How green are Australians?

Many of us are making conscious efforts to lessen our impact on the earth. From our diet, to the things we buy, to the way we get to work – there’s a lot we can do to tread lightly on the environment.


All images via National Geographic

Recently, Greenpeace Australia Pacific began a Green Living blog series to help supporters make better and more informed lifestyle choices. But how do the green habits of Australians rate compared to the rest of the world? A new study by the National Geographic reveals how green we really are down under.

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What is the Greendex?

Since 2008, National Geographic has released a yearly report on the environmental sustainability of the lifestyles and behaviours of ordinary citizens. Spanning up to 18 countries, the survey coveredenergy use conservation, transportation choices, food sources, the relative use of green products versus conventional products, attitudes toward the environment and sustainability, and knowledge of environmental issues.”

This year, the National Geographic found that broadly, environmental concerns have increased and that more participants noted climate change as a impending threat. The top-scoring participants were India and China – who also topped the Greendex in 2012. And Australia?


Lucky 13th?

Despite showing some improvements in earth-friendly behaviour and concern about the environment since 2012, Australians still rank relatively low on the Greendex.

While the rest of the world show increasing trust in climate change science – Australians remain sceptical about the human link to global warming. However, Australians remain among the world’s biggest recyclers, and personal food production and consumption habits have improved significantly. Let’s break it down:

Consumer trends in Australia

According to the Greendex country report, Australians are:

  • Less likely to avoid excessive packaging and environmentally unfriendly products
  • More likely to grow food at home, but also more likely to eat imported food frequently
  • The most frequent consumers of lamb, and among the most frequent consumers of beef
  • Among the least frequent consumers of bottled water, and less likely to consume packaged foods
  • Among the most likely to wash clothes in cold water and put heating and cooling settings on low to save energy
  • More likely to own cars or trucks, and among the least likely to use public transport, walk or bicycle

organic  recycle  bikes

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What about you?

Did the habits of ordinary Australians match your lifestyle – or are you dramatically different? You can do a shorter version of the Greendex survey to find out your own Greendex score. You can also read the full report on the National Geographic website here or the highlights report here.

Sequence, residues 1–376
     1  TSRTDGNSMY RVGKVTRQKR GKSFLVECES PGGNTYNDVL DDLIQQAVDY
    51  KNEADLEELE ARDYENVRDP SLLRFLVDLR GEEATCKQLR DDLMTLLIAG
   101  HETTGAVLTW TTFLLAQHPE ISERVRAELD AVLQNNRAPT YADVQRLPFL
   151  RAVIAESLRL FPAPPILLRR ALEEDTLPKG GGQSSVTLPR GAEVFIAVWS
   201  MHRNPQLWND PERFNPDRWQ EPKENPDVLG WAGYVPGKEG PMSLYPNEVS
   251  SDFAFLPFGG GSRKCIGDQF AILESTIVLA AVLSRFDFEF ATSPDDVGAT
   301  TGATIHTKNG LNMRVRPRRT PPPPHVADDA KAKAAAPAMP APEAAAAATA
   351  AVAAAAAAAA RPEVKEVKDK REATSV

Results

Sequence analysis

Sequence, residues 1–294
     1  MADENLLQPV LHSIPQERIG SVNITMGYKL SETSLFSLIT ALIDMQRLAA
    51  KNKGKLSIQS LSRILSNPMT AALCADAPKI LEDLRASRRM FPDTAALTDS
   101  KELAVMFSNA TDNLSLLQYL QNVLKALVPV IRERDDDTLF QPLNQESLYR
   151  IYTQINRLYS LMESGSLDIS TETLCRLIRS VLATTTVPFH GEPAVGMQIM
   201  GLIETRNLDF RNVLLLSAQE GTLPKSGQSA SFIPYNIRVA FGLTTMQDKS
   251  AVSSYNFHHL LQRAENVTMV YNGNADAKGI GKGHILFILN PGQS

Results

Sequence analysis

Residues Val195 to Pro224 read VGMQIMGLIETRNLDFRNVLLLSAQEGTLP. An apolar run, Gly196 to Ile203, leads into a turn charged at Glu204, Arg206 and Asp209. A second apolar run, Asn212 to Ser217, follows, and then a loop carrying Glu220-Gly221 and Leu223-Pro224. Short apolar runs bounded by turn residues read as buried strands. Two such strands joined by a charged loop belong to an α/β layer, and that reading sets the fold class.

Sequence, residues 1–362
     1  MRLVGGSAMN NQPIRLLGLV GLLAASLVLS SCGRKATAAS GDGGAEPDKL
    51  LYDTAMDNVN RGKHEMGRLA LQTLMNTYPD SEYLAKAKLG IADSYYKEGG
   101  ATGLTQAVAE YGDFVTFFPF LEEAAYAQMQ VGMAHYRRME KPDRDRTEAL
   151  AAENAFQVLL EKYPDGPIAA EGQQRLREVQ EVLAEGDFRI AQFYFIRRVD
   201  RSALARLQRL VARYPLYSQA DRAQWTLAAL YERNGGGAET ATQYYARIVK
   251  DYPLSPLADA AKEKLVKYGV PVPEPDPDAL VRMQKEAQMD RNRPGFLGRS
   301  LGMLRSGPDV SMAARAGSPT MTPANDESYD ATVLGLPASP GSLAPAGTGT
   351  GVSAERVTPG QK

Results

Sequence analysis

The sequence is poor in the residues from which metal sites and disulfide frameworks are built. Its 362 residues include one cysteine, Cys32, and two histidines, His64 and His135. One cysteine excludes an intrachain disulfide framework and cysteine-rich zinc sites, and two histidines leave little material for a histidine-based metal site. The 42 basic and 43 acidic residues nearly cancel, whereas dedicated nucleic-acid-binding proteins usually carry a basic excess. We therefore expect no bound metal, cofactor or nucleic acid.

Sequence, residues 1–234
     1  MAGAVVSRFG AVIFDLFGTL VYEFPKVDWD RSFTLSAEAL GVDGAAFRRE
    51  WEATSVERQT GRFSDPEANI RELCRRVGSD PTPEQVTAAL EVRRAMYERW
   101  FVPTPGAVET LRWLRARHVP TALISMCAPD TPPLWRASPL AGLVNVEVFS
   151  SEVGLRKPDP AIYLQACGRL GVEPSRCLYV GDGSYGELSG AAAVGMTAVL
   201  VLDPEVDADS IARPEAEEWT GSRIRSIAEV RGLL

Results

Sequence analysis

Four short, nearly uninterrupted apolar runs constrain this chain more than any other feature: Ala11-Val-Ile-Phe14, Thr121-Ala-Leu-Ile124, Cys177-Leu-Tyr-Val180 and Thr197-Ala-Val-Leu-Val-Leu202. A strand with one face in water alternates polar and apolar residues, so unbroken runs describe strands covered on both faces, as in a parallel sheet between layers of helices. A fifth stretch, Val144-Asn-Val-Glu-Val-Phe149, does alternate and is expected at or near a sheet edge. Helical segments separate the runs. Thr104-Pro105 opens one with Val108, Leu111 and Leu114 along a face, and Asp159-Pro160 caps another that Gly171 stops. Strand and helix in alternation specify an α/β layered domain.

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  • SydneySustainability

    Thanks for the post, this is really useful information to have. It is great to see that we are making some inroads but clearly there is room for improvement!

  • Annette Schneider

    We all need to reduce our carbon footprints, but do you realise that the inroads we are all making to consuming and using energy more responsibly are being wiped out by our country’s mining industry? If we dig up the coal and frack the CSG in Australia then, to me, it should be part of our per-capita carbon footprint. Newcastle is the World’s biggest coal port and we are the worlds 6th greatest greenhouse gas producer. Not good enough, Australia.

    Whitehaven, Nathan Tinkler’s old company, is digging a new open cut coal mine slap bang in the middle of a unique State Forest which is going to have the carbon emission equivalent of New Zealand, each year for the next 30 years if we let it go ahead. Farmers all over the country are fighting fracking wells polluting our air and water.

    Reducing our carbon footprint is doing good, but I think it is more important for our country to stop doing bad. Fight the fossil fuel industry now and close it down because our top scientists are telling us we have no time to lose.

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  • BarleySinger

    A bit hard to bike into town for groceries when it is 150kms away.

    Many of the poor scoring areas for Australia are more about GOVERNMENT not people. Everyone I talk to is worried. Weather is strange, has been very dry in Queensland & then drenched, farms can’t reliably know when to plant anything. Solar is HUGE in Australia (it costs less than your utility, even on a loan or addition to your mortgage). But the Abbot government (and those who bought them) are all about big coal, hoping to sell to China eternally; China who are quitting coal & are closing HALF of their own mines this year. They are grabbing for the fast bucks (with a big pollution payoff for thousands of years) by letting through “coal seam gas” and fracking EVERYWHERE – destroying the water table in very dry areas dependent on ground water (many of the farmlands or ecologically protected) and are ruining some of the most fertile land we have (there isn’t that much fertile land here, most of it has “dirt” high in sand and chalk, not “soil” at all).

    Only a small number of people agree with Abbots policy, but the refuse to trust in the Greens (Greens here never list “Economy” first on their publications – they need to learn from the German Greens).